Grove City House
Backstory and Context
John Brown, with twelve men, women, and children escaping slavery from Missouri, plus ten of his own men, stopped near Grove City in Atlantic Township in Cass County on February 14, 1859. They stayed at the Grove City House, operated by David A. Barnett. Barnett, a large farm owner, local town promoter, and husband of Grove City’s postmistress, worked with Oliver Mills and Rev. George Hitchcock of nearby Lewis to assist those escaping slavery. Brown’s party rested overnight at Grove City on their three month trek toward freedom.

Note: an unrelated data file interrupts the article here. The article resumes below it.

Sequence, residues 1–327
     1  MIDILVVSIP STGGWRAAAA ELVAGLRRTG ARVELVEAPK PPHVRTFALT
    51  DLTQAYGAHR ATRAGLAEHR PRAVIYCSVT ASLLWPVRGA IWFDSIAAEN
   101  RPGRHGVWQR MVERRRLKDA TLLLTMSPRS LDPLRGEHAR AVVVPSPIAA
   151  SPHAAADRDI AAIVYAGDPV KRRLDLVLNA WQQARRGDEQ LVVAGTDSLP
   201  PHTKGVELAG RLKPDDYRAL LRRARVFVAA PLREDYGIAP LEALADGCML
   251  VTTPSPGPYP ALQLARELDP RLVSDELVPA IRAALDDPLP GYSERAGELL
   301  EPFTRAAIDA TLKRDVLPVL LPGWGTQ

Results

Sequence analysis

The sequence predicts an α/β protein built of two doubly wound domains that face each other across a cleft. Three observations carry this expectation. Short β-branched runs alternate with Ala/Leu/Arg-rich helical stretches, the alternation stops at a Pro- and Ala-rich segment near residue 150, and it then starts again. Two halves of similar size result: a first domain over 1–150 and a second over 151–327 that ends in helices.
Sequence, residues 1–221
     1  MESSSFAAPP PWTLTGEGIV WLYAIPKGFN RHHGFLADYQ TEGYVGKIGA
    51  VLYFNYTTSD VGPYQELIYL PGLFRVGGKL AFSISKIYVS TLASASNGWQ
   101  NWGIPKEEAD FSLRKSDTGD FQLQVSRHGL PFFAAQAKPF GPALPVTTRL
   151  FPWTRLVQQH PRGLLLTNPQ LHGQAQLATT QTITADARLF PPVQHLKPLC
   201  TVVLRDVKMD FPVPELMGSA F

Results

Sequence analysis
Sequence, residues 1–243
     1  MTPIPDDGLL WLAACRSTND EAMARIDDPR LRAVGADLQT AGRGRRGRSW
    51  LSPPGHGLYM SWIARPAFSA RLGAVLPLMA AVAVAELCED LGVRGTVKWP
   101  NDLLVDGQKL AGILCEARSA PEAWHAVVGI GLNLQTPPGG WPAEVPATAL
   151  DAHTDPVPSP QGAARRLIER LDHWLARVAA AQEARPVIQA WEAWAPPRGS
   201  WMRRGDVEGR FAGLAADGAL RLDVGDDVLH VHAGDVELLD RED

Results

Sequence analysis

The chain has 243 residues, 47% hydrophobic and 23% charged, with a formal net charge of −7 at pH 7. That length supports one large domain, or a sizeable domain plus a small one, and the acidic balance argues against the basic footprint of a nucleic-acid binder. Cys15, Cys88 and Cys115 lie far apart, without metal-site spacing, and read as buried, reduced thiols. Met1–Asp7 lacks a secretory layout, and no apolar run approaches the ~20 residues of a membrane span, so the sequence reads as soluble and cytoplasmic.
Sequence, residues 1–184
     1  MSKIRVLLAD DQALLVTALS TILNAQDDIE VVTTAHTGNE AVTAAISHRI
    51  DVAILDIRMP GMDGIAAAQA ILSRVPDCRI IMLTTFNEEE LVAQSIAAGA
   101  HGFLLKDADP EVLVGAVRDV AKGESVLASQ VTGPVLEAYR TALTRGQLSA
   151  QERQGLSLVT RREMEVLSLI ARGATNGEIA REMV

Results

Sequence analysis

The then new, but now bygone, town of Grove City briefly boomed in hopes of becoming the county seat with the railroad’s arrival. Unfortunately, the railroad tracks skirted the edge of Grove City and the train barreled by the settlement at full speed on the way to Atlantic, Iowa. Grove City, the size of a quarter-section of land and a 24 block town (see historic maps) dried up and is now denoted only by a historic marker.
Next Stop: Dalmanutha, Iowa
Iowa and the Underground Railroadhttps://iowaculture.gov/sites/default/files/History%20-%20Education%20-%20Lifelong%20Learning%20-%20Iowa%20Underground%20Railroad%20(PDF).pdf